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'Even parents in Australia are wary of kids choosing this profession'
I am not sure how it works in India, but I do know that in Australia, there are ample opportunities for sports managers. And yes, there are so many advertisements of job requirements for sports managers (shows some newspaper clippings). These openings are from clubs and athlete training centres.
Do you think the scope of career is better in developed countries?
The beauty of sports is that it is universal. It has no language or culture. However, a lot depends on the country you choose to work in and the popular sport of the country. While employment opportunities are better in developed countries, developing nations are fast catching up. So, the choice is yours.
What is your opinion about the scope of sports managers in India?
I think India has enough manpower, talent and potential. A good sports manager can effectively channelise the above and turn them into a good business and give it back to the country. Anything that will bring revenue to the country is going to be a good thing, right?
Well, at least in a country like India, where the scope of sports mangers is emerging, how would you convince students to take up the profession?
I think it's a lot to do with perception and common belief. Why just India? Even today, parents in Australia are wary about their kids choosing this profession.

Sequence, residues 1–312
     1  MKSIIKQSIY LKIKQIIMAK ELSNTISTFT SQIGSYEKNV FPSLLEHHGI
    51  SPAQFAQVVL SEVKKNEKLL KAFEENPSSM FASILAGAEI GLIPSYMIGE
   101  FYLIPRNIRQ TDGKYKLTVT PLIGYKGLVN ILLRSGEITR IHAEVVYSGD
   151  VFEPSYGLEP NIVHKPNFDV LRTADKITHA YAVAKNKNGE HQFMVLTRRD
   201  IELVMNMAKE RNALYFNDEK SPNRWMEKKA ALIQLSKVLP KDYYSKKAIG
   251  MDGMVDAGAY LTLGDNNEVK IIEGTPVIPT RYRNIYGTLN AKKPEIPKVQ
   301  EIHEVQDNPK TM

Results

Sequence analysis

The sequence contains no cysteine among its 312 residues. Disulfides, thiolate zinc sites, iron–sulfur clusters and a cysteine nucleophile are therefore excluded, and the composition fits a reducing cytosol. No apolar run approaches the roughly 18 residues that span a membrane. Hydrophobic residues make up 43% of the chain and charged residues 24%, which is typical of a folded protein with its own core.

But now that they see these advertisements on newspaper, parents are convinced that the vocation is here to stay. This is the case with all new educational programmes -- both parents and students are concerned about the scope and worry about fixed disposable income.
In case of sports management, it's like any other profession. I recently met a student who is working with a leading software company and leads their sports department. Interestingly, the company has a club of its own and promotes its employees towards pursuing it as a serious hobby.
Another student I met was working with a leading sports accessories brand as a consultant cum brand manager. So, the opportunities are vast, you just need to have the right education and skills to grab them.
Image: Mahendra Singh Dhoni of India talks with Duncan Fletcher during Net Practice ahead of the second Test match at Trent Bridge on July 28, 2011 in Nottingham, England.
Photographs: Laurence Griffiths/Getty Images